MODS1 Commissioning Run 7: UTC 2011 April 13

Observer(s): R. Pogge, R. Stoll (OSU), E. Skillman (UMinn), M. Fumana (INAF), M. Wagner (OSU/LBTO)
Telescope Operator: G. Bechetti (LBTO)
AO Support: Remote from Tucson as needed
Telescope Support: J. Little (LBTO)
Instrument Support: D. Officer (LBTO)


The LDG Baffle works great, we are now in position to realize the true potential of MODS1. Observed all night in moderately good (1-1.5arcsec) seeing but with some wind. MODS1 came back to life immediately after the baffle installation and worked all night without problems.


The primary task during the day was to install the new Left Direct Gregorian Baffle. This required us to dismount MODS1, leave it dangling in mid-air on the crane (yeah, really, we have pictures), install the baffle in the Left Primary Mirror Cell, then re-mount MODS1. The process took from about 8:30am until 1:30pm, including a practice installation of the baffle on the Right Primary Mirror Cell before we committed to dismounting MODS1. Help from John Little, Rick Hanson, and Jarrod Schuh made the job go great.

Only one hitch on dismount: the glycol return fitting (male) labeled R1 on the LDG rotator is leaking from the inside seal when demated from the MODS1 line. This spilled a bit of glycol on the instrument, the floor, and me. Not so self-sealing anymore. IssueTrak #3314 was filed with the report. We can work with it, but it should be replaced: remember to turn off the glycol supply and return to those feeds and carry absorbent towels when the time comes to avoid spilling more glycol onto MODS1 (and yourself).

After the remount, we reconnected MODS1 and it came up without problems. IMCS was fired up in Zenith-pointing dual-imaging configuration and was spot on alignment: whatever there is about the rotator that distorts MODS from the on-cart configuration appears to be repeatable. We will gather more detailed information this week.

A first shot using full dome lights and the hatch open with a full-frame read on both detectors with the clear filter and the dark mask blocking the direct view to the collimator (worst-case before for seeing stray light getting direct into the cameras from scattering inside the mirror cell) shows little remaining residual structure only at the few ADU level, quite unlike the many 1000s of ADU and rich structure we were seeing before. A detailed comparison will be undertaken as part of this week's work.


All times are UTC unless otherwise noted.

Tonight was a lot of instruction and explanation while exercising the instrument after the baffle installation, so I have not been keeping a chronological wiki as before. I will attempt to reconstruct from hand-written notes and the image logs.

The main goal was to heavily exercise target acquisition scripts for long-slit spectra, getting the other observers to write them and execute them for various targets ranging from routine (bright spectrophotometric standard stars) to challenging (an r=22 faint blue galaxy which is dominated by emission lines). With the low background afforded by the baffle despite the moon, we also pushed some fainter targets to demonstrate that the baffles worked. And they do, beautifully. We will examine the many spectra from tonight to quantify the background levels and their greater uniformity.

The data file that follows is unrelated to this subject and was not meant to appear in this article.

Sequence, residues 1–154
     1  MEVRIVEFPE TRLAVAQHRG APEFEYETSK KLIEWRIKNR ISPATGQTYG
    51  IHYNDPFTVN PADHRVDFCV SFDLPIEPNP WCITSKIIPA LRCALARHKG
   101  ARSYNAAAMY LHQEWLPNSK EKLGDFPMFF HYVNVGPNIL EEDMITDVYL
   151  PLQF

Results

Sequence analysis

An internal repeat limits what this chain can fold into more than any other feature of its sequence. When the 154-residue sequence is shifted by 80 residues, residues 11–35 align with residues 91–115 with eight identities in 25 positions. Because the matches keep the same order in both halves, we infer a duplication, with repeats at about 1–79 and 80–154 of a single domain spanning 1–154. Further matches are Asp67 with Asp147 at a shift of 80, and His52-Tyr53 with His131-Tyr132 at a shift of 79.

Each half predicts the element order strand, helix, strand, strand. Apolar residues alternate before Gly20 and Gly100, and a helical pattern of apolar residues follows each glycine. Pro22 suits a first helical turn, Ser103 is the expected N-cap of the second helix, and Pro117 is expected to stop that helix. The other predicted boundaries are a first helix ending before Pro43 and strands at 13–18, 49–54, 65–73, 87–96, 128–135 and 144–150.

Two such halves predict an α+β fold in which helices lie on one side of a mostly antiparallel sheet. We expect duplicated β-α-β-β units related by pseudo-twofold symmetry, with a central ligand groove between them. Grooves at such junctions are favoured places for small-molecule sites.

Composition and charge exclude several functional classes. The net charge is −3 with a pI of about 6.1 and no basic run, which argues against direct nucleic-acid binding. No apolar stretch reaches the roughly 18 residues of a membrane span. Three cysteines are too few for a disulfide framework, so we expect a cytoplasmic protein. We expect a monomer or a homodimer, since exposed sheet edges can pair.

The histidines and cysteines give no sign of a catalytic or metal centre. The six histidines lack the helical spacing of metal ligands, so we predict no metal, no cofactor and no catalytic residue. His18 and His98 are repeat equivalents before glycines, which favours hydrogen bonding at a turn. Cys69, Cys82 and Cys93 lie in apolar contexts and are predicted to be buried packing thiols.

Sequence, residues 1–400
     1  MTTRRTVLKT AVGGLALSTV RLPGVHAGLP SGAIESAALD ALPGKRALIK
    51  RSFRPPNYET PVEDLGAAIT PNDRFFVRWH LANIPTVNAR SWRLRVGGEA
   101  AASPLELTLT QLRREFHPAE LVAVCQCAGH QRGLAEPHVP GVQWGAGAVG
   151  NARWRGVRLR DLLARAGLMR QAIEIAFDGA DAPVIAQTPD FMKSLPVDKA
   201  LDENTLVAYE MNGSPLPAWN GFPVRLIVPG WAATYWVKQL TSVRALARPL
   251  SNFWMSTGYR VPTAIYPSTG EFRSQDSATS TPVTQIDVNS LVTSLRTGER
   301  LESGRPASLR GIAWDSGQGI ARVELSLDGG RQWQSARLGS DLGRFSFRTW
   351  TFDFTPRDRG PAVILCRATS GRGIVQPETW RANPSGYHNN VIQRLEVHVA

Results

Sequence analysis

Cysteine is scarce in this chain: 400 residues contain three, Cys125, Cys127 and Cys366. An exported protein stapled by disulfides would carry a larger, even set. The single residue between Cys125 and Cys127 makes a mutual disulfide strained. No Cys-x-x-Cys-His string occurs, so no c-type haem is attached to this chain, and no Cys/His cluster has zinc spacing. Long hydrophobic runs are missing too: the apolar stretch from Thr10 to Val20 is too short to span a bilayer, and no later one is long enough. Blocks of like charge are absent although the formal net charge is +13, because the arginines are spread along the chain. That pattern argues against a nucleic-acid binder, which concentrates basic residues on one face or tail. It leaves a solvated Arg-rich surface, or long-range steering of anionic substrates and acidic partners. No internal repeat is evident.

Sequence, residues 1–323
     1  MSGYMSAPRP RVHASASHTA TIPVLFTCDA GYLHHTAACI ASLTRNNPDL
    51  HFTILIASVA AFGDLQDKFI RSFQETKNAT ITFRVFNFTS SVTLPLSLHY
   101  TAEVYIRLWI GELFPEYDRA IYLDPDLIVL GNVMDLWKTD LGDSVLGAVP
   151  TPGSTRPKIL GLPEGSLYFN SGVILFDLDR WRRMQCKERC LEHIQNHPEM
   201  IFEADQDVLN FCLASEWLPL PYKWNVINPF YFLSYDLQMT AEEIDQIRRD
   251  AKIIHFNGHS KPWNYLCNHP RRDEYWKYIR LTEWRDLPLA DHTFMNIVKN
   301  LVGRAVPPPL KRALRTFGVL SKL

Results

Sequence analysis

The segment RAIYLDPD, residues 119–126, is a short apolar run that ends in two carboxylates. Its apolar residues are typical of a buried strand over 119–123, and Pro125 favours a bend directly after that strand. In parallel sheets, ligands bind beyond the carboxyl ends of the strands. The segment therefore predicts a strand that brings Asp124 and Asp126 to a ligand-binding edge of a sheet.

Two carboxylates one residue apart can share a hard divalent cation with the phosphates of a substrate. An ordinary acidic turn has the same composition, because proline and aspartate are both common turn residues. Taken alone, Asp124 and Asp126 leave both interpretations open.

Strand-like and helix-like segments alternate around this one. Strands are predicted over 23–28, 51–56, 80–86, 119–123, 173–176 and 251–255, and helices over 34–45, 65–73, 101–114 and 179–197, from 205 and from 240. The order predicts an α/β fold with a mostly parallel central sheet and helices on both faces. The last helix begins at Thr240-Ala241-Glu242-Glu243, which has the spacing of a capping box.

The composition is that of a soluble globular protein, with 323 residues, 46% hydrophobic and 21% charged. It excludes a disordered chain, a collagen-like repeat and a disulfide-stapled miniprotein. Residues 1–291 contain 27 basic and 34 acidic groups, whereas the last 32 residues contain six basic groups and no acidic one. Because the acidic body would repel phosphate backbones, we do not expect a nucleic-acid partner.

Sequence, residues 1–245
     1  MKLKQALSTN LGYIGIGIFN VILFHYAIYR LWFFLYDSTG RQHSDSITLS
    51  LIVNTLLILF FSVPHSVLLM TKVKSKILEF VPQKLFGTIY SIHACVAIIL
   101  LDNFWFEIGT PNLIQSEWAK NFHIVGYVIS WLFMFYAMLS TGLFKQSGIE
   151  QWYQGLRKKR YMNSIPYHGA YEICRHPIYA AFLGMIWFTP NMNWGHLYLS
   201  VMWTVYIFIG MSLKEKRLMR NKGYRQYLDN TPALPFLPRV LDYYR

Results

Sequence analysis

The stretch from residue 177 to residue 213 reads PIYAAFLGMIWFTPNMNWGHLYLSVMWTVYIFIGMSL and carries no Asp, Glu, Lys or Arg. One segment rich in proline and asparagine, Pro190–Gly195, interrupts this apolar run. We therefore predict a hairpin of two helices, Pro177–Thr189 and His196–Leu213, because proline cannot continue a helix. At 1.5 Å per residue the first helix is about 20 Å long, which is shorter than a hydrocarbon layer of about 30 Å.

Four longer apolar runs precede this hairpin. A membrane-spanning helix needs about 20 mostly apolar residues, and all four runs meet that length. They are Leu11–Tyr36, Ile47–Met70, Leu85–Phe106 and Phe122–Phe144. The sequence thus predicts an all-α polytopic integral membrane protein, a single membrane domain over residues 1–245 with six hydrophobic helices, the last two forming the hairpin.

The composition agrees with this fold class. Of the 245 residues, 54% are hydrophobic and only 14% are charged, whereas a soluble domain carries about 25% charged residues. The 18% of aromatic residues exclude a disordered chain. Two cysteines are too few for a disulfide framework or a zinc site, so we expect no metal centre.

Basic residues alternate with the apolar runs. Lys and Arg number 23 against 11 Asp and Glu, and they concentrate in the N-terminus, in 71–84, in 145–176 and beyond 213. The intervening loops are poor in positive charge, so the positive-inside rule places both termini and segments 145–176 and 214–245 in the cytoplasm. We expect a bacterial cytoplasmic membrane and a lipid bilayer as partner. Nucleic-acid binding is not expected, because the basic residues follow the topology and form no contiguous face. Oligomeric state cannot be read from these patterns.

The bottom line on the baffle is that all of the bad scattered light we've seen previously from bright moonlight - undispersed parasitic light in spectra clobbering faint spectra, non-uniform background in spectra and images, glints and bright spots in the acquisition/guide camera have been eliminated. As the moon gets brighter through the week we will stress the system further. Since this is a primarily dark-time instrument, we are now at a place where we can start addressing deferred issues like sky background, sky flats, slit illumination correction images, scattered light between multi-object slitlets, etc.

A second goal was to collect as many spectrophotometric stars in grating and prism mode to start building the exposure time matrix for the standard stars most observers will use for grating and prism modes. These will form the library of standard stars for partner observing.

A few brief observations:

Getting going at the start of the night was very slow, with John Hill assisting from Tucson. Us instrument folks had nothing to do until I was asked to reboot the AzCamServer for the guide camera, apparently it came up in a wedged state. This seemed to take a great deal of time and it was not until 0300UTC that we acquired our first pointing star.

For much of the night active optics was converging very slowly. After we came near mirror limits and had to unwrap the azimuth, things behaved much better for an hour or so after Geno cleared active optics. This happened a couple of other times during the night. Clearing active optics and restoring basic function seemed to take a rather long time to complete, mostly because the telescope operator is less facile at this aspect of operating the LBT.

Wind was a bother but never came close to shutting us down. Conditions were mostly clear with periods of thin cirrus blowing over. Mostly it meant we had problems of dome seeing because we could not open vent doors and flush warm air out of the enclosure.

Seeing was 1.5 arcsec with brief periods of 0.8 arcsec seeing.

-- RichardPogge - 12 Apr 2011
Topic revision: r3 - 13 Apr 2011, RichardPogge
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